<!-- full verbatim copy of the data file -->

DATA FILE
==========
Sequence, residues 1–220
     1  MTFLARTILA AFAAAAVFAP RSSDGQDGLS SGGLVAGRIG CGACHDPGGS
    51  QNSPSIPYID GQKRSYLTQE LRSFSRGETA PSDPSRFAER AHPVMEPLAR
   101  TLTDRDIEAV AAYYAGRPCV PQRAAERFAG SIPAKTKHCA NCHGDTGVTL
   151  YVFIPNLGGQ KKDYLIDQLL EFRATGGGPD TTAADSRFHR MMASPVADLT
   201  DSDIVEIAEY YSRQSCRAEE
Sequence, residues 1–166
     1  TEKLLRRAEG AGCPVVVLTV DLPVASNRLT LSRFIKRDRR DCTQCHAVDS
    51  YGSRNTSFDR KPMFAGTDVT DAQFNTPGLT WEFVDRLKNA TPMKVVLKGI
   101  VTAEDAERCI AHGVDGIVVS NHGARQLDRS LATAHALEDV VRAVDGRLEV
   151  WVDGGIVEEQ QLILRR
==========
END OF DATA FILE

Sequence, residues 1–220
     1  MTFLARTILA AFAAAAVFAP RSSDGQDGLS SGGLVAGRIG CGACHDPGGS
    51  QNSPSIPYID GQKRSYLTQE LRSFSRGETA PSDPSRFAER AHPVMEPLAR
   101  TLTDRDIEAV AAYYAGRPCV PQRAAERFAG SIPAKTKHCA NCHGDTGVTL
   151  YVFIPNLGGQ KKDYLIDQLL EFRATGGGPD TTAADSRFHR MMASPVADLT
   201  DSDIVEIAEY YSRQSCRAEE
Sequence, residues 1–166
     1  TEKLLRRAEG AGCPVVVLTV DLPVASNRLT LSRFIKRDRR DCTQCHAVDS
    51  YGSRNTSFDR KPMFAGTDVT DAQFNTPGLT WEFVDRLKNA TPMKVVLKGI
   101  VTAEDAERCI AHGVDGIVVS NHGARQLDRS LATAHALEDV VRAVDGRLEV
   151  WVDGGIVEEQ QLILRR